The American robin, (Turdus migratorius), is a member from the Turdidae family.
The male and female of this species look alike, except the male has a darker head and brighter or deeper red chest. The head is black or gray, with a brown white eye ring and striping under the throat. The American Robin's wings are gray or dark brown, along with its tail. Both the male and female have brick red coverts and brown legs. Females, however, have a gray head rather then a darker one. Males are more commonly noticed because of their darker head.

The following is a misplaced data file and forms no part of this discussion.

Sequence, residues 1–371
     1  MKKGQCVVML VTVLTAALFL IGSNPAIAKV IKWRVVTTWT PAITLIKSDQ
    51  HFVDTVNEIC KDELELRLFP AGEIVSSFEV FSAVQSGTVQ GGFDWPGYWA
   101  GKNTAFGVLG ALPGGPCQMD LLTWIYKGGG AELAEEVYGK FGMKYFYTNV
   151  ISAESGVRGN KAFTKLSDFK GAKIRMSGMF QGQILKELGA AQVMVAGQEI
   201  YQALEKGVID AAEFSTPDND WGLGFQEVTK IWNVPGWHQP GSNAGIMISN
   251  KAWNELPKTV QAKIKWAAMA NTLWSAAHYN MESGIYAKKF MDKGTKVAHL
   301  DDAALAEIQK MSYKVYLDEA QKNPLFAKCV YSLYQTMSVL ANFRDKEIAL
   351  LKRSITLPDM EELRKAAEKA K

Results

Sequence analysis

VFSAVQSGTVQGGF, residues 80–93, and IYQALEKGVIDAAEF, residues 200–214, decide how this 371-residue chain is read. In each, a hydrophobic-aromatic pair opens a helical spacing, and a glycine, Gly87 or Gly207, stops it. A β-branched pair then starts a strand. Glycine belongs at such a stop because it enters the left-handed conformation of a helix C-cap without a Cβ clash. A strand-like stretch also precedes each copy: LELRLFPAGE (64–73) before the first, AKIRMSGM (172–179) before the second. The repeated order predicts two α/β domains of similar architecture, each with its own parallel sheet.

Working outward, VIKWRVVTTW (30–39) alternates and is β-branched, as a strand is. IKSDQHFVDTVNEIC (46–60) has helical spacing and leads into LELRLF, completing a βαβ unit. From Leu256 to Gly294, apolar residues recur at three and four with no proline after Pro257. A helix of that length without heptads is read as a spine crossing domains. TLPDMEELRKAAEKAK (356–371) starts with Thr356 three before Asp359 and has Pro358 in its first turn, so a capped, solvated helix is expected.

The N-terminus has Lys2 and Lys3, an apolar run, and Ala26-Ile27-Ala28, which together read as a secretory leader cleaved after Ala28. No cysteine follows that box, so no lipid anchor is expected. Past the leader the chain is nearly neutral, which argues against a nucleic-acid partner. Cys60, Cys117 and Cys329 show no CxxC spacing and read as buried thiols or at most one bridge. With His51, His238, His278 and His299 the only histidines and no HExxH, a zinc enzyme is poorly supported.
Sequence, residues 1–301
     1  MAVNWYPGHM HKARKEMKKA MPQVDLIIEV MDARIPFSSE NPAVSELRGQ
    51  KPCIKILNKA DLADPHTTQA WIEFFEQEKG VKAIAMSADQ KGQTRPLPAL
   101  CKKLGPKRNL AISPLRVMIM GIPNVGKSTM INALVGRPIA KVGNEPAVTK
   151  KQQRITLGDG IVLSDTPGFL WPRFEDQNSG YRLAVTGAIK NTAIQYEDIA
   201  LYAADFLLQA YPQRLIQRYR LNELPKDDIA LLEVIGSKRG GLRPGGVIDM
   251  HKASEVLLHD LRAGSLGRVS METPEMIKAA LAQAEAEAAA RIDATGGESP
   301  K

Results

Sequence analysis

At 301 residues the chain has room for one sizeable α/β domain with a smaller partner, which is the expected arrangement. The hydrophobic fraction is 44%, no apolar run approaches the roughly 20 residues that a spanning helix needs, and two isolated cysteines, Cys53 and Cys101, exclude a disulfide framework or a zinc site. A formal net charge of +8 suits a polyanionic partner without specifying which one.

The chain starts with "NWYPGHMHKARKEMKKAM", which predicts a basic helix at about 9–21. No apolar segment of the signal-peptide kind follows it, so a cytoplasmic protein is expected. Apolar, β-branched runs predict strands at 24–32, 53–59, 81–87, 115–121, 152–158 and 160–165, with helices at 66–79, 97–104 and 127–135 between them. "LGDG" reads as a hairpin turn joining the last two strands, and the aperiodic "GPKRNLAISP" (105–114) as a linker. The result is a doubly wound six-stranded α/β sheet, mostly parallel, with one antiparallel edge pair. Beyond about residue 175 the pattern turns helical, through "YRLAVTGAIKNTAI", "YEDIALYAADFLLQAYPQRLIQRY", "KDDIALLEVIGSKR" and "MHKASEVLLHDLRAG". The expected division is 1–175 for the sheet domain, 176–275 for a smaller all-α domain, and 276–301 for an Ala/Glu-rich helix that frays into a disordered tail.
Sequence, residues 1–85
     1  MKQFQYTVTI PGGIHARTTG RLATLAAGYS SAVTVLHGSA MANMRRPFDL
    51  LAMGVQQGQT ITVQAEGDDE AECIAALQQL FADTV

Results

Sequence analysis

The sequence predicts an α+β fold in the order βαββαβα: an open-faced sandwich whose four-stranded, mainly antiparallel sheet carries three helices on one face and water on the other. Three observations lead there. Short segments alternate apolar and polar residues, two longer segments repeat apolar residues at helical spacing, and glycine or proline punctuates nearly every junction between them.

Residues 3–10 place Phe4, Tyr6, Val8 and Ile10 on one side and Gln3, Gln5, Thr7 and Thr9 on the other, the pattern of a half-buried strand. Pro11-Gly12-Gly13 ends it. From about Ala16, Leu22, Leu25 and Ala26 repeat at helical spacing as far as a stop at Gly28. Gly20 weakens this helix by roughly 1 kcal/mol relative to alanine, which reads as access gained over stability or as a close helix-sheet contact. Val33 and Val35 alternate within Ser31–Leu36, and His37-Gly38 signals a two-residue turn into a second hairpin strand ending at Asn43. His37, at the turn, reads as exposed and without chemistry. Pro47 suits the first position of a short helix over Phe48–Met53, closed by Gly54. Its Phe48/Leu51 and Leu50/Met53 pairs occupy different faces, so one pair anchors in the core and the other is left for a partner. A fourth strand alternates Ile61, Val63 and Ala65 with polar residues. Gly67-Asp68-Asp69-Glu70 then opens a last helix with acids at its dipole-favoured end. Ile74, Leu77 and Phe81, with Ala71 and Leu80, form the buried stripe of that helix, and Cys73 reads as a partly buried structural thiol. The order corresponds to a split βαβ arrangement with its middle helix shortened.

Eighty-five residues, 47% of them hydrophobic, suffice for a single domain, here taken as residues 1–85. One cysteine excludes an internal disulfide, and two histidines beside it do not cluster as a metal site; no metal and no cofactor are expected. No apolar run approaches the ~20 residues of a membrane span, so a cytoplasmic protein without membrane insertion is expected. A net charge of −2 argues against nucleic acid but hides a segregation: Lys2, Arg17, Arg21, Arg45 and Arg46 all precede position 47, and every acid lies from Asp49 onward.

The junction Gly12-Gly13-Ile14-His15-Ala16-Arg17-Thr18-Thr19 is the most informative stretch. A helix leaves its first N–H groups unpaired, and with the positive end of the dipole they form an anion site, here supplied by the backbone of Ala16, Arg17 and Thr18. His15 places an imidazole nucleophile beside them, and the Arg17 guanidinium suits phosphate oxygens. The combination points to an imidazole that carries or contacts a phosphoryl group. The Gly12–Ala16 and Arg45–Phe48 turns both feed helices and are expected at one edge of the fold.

The American Robin is usually found in pairs or alone. Sometimes, they are in flocks during the winter. They are very defensive toward their nest and young. American Robins are commonly seen in a "running-stopping" style in fields and lawns. These birds have adapted to human disturbances. This species of robin is known to be relatively more aggresive than other species.
The American Robin is considered a sign of spring in many regions and is one of the most common, widely distributed, and most well-known birds in North America.